Prior to Egypt’s revolution/uprising there was little to see by the way of graffiti and/or street art around Cairo. Sure, there were a couple pieces here and there, but there was nothing striking, nothing poignant and certainly nothing big enough to warrant attention. Everything changed on January 25th, 2011 when slogans, banners and artwork popped up across the nation’s capital as people demanded the former president step down from power.
Literally overnight, artwork – some small, others quite large in scale – could be found everywhere. They were under overpasses, sprayed onto the sides of buildings, slapped on police trucks, fixed under boutique awnings and adorned statues in the center of town. Cairo (along with other cities across Egypt) was instantly transformed and what oozed forth from that moment was a deluge of work executed by fired-up citizens (mainly youth) who were ready to demand change.
Since 2011, urban artwork has gone up, been painted over and gone up again in heavily populated parts of the city like Zamalek and Heliopolis (close to the presidential palace), and especially in areas adjacent to the infamous Tahrir Square and Kasr el Aini and Mohamed Mahmoud streets.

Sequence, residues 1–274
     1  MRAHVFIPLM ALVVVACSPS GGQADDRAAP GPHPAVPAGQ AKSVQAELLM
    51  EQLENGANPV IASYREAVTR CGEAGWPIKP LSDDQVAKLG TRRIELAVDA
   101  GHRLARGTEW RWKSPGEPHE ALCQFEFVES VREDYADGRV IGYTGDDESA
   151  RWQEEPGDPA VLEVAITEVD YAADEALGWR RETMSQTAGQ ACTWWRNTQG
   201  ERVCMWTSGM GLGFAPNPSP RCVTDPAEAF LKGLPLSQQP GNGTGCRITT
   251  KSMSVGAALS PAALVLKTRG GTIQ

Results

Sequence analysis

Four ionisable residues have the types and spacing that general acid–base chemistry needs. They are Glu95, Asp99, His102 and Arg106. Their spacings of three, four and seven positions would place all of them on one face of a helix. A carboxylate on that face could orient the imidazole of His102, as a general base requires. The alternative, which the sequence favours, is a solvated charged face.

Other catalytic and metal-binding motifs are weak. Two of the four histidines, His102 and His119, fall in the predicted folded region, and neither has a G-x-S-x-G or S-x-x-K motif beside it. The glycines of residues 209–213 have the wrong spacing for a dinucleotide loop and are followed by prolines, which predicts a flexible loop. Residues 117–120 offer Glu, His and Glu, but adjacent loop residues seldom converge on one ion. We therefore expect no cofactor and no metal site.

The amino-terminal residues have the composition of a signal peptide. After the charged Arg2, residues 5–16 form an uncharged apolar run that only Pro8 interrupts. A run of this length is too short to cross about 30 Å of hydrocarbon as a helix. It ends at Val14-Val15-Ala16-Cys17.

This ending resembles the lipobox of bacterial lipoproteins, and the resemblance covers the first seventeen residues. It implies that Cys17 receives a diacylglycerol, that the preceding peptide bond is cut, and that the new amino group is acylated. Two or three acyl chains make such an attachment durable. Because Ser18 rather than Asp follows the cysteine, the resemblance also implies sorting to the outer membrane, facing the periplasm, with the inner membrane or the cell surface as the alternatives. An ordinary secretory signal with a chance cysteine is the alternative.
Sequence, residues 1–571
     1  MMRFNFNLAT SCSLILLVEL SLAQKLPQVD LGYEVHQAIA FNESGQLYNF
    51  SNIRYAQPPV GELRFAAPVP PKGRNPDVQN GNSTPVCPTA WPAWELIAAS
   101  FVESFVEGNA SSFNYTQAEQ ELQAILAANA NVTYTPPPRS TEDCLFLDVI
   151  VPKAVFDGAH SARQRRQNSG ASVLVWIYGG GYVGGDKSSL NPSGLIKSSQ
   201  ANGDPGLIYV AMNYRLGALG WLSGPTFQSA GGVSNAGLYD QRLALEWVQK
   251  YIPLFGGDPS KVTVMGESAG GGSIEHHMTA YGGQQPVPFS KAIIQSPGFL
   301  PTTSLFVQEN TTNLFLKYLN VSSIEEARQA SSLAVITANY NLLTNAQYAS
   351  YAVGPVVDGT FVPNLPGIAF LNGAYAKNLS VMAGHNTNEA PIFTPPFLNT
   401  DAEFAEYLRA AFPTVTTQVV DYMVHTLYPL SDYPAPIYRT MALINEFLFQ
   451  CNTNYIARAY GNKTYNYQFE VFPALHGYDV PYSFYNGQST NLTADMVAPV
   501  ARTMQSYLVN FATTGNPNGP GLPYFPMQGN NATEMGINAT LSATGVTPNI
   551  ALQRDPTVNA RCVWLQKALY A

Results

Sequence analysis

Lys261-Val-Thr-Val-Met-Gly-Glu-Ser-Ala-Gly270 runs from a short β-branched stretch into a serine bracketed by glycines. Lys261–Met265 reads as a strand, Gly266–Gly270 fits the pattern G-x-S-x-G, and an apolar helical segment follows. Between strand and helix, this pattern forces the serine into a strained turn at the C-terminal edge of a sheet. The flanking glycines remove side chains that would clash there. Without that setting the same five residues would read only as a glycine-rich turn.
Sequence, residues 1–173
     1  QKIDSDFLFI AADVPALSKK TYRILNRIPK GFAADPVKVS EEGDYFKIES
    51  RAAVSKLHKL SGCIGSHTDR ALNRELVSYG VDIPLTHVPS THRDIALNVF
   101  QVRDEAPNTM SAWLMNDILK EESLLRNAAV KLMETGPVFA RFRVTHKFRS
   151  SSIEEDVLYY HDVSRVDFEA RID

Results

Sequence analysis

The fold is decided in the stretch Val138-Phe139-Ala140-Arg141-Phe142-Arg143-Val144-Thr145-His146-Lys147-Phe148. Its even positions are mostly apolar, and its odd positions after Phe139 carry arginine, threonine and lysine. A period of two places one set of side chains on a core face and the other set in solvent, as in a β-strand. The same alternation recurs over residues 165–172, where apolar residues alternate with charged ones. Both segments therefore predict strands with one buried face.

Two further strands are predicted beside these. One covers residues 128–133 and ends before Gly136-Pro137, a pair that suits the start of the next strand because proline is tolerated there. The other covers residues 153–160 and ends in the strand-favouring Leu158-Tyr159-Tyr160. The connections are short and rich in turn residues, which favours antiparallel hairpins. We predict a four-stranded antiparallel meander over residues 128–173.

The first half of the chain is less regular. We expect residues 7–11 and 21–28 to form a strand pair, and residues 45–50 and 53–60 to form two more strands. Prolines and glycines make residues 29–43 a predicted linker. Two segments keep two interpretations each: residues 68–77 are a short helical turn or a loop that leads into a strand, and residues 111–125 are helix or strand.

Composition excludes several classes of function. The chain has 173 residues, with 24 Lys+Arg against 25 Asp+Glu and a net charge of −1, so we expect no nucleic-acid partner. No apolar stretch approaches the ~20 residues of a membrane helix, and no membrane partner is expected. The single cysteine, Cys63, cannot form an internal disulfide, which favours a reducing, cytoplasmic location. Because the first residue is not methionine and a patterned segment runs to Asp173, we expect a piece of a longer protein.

Through stencils, murals, motifs and posters, Egypt’s artists and activists have used Cairo’s walls as blank canvases to express their socio-political views and hopes for the future of their country. If it gets painted over, they’re back the following week putting something bigger and more provocative in its place.
One nice thing about the graffiti/street art in Egypt is that it hasn’t been the work of young men alone. Egyptian women have also taken to the streets to express their views on a host of issues and to let the rest of the population know they’re ready to get down and dirty when it comes to highlighting the issues that matter to them most (education, religion, equality and sexual harassment).